The ideas presented in these two chapters provided a very practical step-by-step guiding approach on how to deliver differentiated learning and design/choose appropriate assessment tools. Chapter seven also provided a deeper meaning to understanding the motivation behind a lot of the ideas presented earlier on in the text. More specifically, it addressed why the greater focus is placed on teaching students with special needs. Cooper highlights that delivering a “one size fits all” instructional design is no longer inline with the realities faced in today’s classrooms (pg.136). Classrooms are becoming increasingly diverse as they now encompass students working at, above, and below grade level, which further stresses the need for differentiated learning.
While I was in agreement with Cooper that the goal of a learning environment “is to have students develop understanding, proficiency, skills, and independence” (pg. 145), I was initially at odds with the idea of “modifying” the learning targets for a specific student or a group of students. I felt that by assigning them tasks from a lower grade level while their peers—within the same classroom—continued to work on higher level tasks might negatively impact their self-confidence and hence their academic performance. I think my initial strategy when faced with this situation would be to provide these students with a platform that allows them to display their special abilities in other areas in front of their peers in an effort to empower them with self-confidence.
In my current class, my Associate Teacher provided one of the students who has a behavioural exceptionality the opportunity to showcase her creative talents by offering her class-time to deliver her own art lesson. I watched in muted amazement as she firmly negotiated her “allowed” time to deliver this lesson and the eagerness that followed as she walked around the classroom guiding and answering her peers. The confidence level that was instilled in her following this task definitely impacted her performance throughout the day. From my simple observation, she seemed to be more focused on her work and almost instantly absorbed in the leadership role. Linking this experience and that of a similar outcome presented in Sean’s Case Study in chapter four, I envision myself taking on a proactive planning approach that offers differentiated learning with a special emphasis on confidence building.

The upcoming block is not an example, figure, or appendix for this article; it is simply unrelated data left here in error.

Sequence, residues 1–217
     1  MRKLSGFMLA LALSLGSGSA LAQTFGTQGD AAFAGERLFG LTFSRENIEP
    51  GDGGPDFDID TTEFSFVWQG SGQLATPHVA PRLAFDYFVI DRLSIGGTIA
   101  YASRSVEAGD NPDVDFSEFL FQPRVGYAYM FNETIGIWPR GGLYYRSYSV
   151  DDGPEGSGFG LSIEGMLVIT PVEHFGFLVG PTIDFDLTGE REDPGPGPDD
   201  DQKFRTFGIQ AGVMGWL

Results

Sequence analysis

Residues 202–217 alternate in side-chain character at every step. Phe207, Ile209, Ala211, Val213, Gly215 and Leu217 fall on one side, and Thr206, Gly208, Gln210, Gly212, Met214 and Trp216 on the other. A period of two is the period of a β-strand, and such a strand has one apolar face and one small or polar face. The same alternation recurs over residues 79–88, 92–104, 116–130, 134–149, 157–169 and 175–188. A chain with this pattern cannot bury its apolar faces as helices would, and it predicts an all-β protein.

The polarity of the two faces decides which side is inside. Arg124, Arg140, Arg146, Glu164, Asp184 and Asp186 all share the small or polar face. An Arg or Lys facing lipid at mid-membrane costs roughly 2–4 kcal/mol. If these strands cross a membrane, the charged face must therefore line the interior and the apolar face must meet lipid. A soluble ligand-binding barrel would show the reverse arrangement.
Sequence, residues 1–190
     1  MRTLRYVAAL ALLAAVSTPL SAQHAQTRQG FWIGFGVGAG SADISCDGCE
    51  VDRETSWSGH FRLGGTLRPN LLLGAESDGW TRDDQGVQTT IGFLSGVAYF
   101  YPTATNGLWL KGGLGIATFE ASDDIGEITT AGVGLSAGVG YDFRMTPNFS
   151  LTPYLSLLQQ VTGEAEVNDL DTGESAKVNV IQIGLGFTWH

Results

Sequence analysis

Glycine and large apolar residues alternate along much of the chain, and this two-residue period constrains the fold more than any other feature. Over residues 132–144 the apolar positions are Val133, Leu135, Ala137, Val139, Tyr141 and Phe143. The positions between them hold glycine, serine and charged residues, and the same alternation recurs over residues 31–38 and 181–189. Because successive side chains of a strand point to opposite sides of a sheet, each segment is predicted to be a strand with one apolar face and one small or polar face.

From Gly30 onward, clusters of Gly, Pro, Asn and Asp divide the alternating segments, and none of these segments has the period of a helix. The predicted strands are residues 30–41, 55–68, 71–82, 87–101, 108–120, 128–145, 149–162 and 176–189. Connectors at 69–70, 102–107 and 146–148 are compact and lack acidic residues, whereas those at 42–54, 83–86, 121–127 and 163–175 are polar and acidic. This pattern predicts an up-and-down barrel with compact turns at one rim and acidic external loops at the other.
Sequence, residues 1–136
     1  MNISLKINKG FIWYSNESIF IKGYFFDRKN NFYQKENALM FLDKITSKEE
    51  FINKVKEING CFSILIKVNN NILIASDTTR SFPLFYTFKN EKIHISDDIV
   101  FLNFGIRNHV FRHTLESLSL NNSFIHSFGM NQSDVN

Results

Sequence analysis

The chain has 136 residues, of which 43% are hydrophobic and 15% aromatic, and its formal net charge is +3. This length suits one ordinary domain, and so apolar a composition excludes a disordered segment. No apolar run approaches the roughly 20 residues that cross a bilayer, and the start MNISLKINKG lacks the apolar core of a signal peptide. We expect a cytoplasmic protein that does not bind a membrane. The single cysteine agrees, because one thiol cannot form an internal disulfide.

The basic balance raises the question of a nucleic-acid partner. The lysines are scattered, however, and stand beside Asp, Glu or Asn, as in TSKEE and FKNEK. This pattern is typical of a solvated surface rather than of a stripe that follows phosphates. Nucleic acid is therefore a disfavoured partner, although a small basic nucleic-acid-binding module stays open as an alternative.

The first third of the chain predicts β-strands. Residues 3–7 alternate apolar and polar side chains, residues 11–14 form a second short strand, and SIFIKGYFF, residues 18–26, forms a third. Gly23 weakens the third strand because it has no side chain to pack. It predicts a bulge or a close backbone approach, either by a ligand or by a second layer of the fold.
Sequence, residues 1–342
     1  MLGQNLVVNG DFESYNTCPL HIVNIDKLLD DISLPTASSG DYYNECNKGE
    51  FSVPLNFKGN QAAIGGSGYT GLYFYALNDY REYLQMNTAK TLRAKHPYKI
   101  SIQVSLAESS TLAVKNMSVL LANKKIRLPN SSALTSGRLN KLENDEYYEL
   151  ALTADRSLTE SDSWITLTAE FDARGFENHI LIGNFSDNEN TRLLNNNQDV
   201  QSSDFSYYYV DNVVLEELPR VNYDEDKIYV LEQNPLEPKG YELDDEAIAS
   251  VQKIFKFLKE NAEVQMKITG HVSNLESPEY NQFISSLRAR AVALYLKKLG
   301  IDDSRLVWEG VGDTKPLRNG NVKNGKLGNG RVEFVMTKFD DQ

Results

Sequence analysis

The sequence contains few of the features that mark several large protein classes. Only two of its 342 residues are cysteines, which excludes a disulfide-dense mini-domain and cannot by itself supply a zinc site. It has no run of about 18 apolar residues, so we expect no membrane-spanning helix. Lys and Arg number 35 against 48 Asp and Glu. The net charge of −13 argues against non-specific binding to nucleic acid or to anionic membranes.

Rubrics: To be honest, I’m still not a big fan of rubrics, more so from a student’s perspective. In her article, Teaching with Rubrics, Andrade states that “Instructional rubrics help my students understand the goal of an assignment and focus their efforts.” This “focus” is the main reason I don’t like detailed rubrics. They limit my freedom upon approaching and exploring an assignment in a relaxed manner. I feel that if the “goals” of the assignment were clearly stated and openly discussed in class, then rubrics should just serve as a simple reminder instead of causing, in my case, anxiety of whether or not I presented “this point” well enough. From a teacher’s perspective, I’m sure I will get the hang of them soon enough and that they just seem overwhelming because it’s pretty much an introduction to a new major concept. I did however appreciate that Cooper provided a starting point for their design as I recently faced this problem during the creation of my first rubric in another class. I had no idea which performance level to use as my guiding point and found Cooper’s suggestion of starting at the Proficient performance level to be very helpful.